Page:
Hello Sailor

Author: Paul Baker
Publisher: Routledge
ISBN: 1317868706
Size: 41.57 MB
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When gays had to be closeted, ships were the only places where homosexual men could not only be out but also camp. And on some liners to the sun and the New World, queens and butches had a ball. They sashayed and minced their way across the world's oceans. Never before has the story been told of the masses. These are the thousands of queer seafarers, mainly stewards, who sometimes even outnumbered the straight men in the catering departments of ships that were household names and the pride of the British fleet. Hello Sailor! uniquely shows what it was like to be queer at sea at a time when land meant straightness.

Fantabulosa

Author: Paul Baker
Publisher: Bloomsbury Publishing
ISBN: 9780826473431
Size: 73.91 MB
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Polari has been the secret language of gay men and women through the twentieth century. But more than a language, Polari is an attitude. From the prisons and music halls of Edwardian England to Kenneth Williams, American Gls in London and the Sisters of Perpetual Indulgence, Polari has been used to laugh, bitch, gossip and cruise. Like all slang, Polari users coined an ever-changing vocabulary. Derived from words used by criminals, circus artists, beggars and prostitutes, it also employed Italian, Yiddish, French, rhyming slang and backslang. Polari speakers camped up a storm, from West End chorus boys and office workers to East End sea-queens. Since gay liberation, lesbian and gay slang has become less a language of concealment than a language of specialization, though the tradition of camp remains. A carefully researched and entertaining read, Fantabulosa presents a lexicon of Polari and a more general dictionary of lesbian and gay slang. If you don't yet know what vada the bona cartes on the ommee ajax, parkering ninty, a Mexican nightmare or a nellyectomy mean, then this is the book for you.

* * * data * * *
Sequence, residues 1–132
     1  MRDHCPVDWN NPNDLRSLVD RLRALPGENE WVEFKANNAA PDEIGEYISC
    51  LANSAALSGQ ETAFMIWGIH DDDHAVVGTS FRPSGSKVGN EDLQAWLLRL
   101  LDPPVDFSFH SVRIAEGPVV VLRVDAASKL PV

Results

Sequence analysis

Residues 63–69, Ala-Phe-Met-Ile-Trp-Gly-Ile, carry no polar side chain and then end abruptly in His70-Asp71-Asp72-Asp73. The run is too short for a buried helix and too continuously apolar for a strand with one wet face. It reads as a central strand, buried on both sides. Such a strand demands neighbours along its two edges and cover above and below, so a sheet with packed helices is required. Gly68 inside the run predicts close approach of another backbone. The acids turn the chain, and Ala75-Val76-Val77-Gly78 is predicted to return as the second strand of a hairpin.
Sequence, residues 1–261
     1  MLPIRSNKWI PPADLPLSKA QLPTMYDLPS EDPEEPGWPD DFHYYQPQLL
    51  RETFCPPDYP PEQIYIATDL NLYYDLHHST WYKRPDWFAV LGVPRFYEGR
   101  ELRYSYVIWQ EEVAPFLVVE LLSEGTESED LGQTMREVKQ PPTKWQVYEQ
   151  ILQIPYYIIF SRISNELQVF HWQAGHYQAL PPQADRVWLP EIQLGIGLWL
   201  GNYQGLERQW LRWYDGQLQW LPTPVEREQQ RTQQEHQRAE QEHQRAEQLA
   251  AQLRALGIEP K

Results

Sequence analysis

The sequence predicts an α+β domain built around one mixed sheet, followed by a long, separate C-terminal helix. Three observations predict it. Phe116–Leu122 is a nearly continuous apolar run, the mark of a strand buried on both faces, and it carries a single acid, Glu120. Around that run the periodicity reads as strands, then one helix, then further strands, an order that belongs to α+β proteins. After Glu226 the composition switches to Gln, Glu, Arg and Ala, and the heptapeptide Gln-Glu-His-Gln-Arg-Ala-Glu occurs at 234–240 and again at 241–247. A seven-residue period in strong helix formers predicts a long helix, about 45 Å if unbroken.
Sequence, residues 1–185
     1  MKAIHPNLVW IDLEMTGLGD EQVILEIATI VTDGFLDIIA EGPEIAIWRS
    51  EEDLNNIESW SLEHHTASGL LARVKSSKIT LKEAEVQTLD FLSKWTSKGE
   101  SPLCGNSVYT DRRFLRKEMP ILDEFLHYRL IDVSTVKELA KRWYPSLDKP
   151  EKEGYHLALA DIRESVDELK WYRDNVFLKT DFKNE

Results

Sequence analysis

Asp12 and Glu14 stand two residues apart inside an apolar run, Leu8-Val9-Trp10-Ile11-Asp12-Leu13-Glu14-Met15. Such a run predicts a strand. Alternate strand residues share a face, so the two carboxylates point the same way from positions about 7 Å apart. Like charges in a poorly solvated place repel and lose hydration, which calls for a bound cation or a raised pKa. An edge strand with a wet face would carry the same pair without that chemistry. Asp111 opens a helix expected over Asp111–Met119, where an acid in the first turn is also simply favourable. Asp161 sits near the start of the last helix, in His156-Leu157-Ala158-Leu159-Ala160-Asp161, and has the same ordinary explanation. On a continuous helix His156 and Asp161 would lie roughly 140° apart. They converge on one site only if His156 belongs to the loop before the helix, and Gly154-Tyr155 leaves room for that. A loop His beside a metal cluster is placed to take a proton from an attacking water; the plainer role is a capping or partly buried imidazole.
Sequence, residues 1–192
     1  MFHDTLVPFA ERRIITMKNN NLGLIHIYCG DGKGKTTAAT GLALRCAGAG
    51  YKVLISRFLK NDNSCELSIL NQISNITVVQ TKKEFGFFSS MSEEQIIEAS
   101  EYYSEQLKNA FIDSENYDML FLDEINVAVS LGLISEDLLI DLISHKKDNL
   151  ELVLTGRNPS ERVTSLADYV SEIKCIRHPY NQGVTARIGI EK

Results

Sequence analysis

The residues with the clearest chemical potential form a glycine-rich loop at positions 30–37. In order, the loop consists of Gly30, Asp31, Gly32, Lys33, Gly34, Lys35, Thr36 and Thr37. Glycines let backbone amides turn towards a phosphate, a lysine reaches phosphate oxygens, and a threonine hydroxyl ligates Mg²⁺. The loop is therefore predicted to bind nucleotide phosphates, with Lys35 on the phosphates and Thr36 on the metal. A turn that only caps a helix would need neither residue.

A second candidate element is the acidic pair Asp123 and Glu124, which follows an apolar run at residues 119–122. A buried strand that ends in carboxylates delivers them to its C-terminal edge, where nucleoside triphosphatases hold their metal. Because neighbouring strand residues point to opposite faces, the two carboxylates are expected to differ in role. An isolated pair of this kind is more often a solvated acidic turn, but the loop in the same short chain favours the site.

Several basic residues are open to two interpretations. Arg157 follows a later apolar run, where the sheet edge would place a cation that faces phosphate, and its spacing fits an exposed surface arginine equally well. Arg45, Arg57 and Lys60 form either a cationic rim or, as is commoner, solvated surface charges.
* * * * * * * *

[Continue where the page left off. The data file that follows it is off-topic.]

Polari The Lost Language Of Gay Men

Author: Paul Baker
Publisher: Routledge
ISBN: 113450635X
Size: 32.75 MB